Development Gag: Oddly enough the gag actually calls back to the development of Back to the Future — originally, the climax of getting Marty McFly back, well, to the future, was that Doc Brown was going to take him and a refrigerator to an A-Bomb test, and let the bomb's effects send him back to his rightful time. However, Spielberg was uncomfortable with the idea, concerned that kids might climb into abandoned fridges to play-act the scene, and so asked Robert Zemeckis to find a different approach, which he did once it proved too expensive to pull off. However, no good idea goes unpunished, as guess what iconic scene occurs in this movie?
Diner Brawl: Indy and Mutt start a brawl in a diner in order to get away from the KGB.
Dirty Communists: The bad guys of the film. Spalko actually states that her obsession with it is due to the aliens possessing a Hive Mind. Just as Belloq desired the Ark of the Covenant because it is "a radio for speaking to God", Spalko wants to find the Kingdom for a Commie Assimilation Plot. (As you might expect, Russia was very upset by this movie. Spielberg tried to justify using Russians as villains by saying that the United States didn't have any other enemies during the time period.)
Mutt reveals in the malt shop his mother's name is Mary. Guess who she turns out to be?
Pretty much everything Oxley says while raving comes back as important later as it helps lead the main characters to Akator.
Gainax Ending: Reviewers of the film have criticized the bizarre turn it takes after the first hour or so, including some bits of Beethoven Was an Alien Spy, while the earlier films have just as much supernatural going ons.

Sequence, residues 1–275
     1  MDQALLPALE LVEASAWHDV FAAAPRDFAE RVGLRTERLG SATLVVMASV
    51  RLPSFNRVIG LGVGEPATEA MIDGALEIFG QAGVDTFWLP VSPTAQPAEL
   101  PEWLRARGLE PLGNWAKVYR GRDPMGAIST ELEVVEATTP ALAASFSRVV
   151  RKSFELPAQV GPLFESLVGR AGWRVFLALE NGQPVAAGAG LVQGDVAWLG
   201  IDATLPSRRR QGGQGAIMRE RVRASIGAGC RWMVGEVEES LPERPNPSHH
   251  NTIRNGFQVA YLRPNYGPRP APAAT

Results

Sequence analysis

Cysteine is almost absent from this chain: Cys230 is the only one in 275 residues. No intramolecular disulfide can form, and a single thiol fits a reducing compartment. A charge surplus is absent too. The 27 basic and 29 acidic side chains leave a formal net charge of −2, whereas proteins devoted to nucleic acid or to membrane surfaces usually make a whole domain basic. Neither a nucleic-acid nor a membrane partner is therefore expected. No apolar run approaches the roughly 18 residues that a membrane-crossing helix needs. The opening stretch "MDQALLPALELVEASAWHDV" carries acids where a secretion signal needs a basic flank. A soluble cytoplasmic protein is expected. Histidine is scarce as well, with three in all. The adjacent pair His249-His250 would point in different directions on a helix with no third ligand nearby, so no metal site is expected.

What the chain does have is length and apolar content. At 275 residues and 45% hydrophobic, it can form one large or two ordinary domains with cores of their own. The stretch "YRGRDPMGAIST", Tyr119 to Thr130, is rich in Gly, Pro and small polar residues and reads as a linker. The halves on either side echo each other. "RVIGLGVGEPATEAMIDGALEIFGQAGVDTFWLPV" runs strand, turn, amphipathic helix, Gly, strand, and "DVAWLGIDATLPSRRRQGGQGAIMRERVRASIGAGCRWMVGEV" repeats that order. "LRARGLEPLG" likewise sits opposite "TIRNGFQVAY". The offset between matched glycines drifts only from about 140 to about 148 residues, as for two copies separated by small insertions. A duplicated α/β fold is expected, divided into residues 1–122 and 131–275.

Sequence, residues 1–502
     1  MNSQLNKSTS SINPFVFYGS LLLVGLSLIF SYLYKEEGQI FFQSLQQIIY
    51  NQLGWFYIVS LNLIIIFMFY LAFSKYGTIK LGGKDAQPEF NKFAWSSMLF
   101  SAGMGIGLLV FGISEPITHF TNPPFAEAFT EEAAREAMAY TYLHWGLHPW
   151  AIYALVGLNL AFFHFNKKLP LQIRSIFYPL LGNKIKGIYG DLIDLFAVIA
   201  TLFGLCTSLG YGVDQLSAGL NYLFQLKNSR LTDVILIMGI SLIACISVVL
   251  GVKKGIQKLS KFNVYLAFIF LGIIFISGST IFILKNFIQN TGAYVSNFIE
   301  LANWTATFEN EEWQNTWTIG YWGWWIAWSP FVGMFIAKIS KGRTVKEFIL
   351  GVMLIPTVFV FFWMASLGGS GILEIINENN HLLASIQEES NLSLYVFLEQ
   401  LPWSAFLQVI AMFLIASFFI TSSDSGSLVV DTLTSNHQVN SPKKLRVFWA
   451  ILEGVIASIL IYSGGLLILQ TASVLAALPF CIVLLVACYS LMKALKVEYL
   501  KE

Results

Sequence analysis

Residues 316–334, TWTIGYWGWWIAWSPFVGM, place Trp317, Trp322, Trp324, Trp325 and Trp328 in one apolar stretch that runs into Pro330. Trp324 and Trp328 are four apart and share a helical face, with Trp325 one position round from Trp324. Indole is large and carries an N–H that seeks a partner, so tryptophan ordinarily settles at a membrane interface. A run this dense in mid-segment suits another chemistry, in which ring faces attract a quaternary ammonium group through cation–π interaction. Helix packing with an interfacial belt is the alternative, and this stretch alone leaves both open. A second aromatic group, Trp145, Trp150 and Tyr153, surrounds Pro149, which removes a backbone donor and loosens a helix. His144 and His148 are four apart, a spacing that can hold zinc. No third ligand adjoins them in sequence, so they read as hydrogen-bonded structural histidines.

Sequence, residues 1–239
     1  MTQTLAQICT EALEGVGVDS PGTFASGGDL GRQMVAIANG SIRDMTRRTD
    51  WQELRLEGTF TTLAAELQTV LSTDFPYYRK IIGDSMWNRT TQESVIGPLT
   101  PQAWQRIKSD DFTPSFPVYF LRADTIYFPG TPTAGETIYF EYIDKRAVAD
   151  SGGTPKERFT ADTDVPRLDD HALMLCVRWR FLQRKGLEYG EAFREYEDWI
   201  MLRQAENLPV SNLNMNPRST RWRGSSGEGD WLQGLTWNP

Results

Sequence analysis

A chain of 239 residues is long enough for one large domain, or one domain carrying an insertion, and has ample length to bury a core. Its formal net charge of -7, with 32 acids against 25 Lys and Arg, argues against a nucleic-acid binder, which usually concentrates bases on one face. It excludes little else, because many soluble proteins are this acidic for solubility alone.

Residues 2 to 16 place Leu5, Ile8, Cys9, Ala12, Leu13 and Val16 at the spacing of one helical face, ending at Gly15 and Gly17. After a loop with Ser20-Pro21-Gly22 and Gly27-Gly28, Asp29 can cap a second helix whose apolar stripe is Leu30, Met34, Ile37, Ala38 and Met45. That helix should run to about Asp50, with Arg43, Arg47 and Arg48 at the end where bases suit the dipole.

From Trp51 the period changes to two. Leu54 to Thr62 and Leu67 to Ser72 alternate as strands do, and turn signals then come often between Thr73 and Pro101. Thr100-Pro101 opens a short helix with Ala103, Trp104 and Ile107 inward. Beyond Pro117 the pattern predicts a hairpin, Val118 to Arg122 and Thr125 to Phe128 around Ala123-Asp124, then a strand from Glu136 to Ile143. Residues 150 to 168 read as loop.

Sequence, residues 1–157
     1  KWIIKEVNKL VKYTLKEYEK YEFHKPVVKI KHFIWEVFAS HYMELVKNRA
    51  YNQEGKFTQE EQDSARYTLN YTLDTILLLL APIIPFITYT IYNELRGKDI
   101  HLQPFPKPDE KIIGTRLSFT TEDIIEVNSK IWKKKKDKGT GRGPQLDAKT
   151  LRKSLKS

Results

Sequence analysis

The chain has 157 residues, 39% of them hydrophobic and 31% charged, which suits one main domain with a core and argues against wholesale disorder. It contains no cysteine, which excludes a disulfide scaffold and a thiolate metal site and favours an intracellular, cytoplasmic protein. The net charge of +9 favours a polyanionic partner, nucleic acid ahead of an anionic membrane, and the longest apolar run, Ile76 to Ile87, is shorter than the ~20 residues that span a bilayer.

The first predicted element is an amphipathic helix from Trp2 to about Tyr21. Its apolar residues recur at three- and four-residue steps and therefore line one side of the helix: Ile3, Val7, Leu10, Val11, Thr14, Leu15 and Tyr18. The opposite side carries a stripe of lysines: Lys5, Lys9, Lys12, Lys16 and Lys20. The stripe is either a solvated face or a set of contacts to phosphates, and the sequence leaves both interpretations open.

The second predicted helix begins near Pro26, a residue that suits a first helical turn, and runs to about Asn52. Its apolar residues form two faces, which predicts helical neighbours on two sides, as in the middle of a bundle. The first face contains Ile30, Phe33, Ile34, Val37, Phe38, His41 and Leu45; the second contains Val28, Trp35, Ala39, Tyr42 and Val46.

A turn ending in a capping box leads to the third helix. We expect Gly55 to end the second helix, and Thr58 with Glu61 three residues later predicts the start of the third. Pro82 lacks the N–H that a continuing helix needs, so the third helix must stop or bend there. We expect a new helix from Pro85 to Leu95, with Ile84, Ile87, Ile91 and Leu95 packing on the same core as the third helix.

Genre Shift / Genre Throwback: Where the previous three films were heavily based on the pulp adventure serials of the '30s and '40s, this one is derived in part from the pulp sci-fi of the '50s.
Giant Mook: Igor Jijikine as the big Russian colonel, Dovchenko.
Gory Discretion Shot: The massacre of the American soldiers at the beginning of the film by the Russians is only seen in a distant shot after most of them have been downed.
Mutt: (regarding elongated skulls on skeletons) Why are they like that? Indy: Incans would bind the heads of their infants with rope. Mutt: (horrified) Why would they do that? Indy: To honor the gods. Mutt: No! No! God's head does not look like that! Indy: That depends on who your god is.
Hollywood Magnetism: When Indy needed to find the location of a magnetic crate, he threw gunpowder in the air and watched which way it moved. Later on, this trope is lampshaded when an object attracts gold coins, which are decidedly not magnetic.
I Just Shot Marvin in the Face: When told to drop his gun, Indy (purposely) manages to shoot one of the communists in the foot when it hits the floor.
I Know Karate: Subverted. After Mutt grabs the titular cranium, Spalko busts out previous unseen and unmentioned martial arts moves — and sucks at it. At most, it seems like it's annoying Mutt.
Its Pronounced Tropay: For some reason, college professor Dr. Henry Jones pronounces nuclear "nuke-yoo-lur".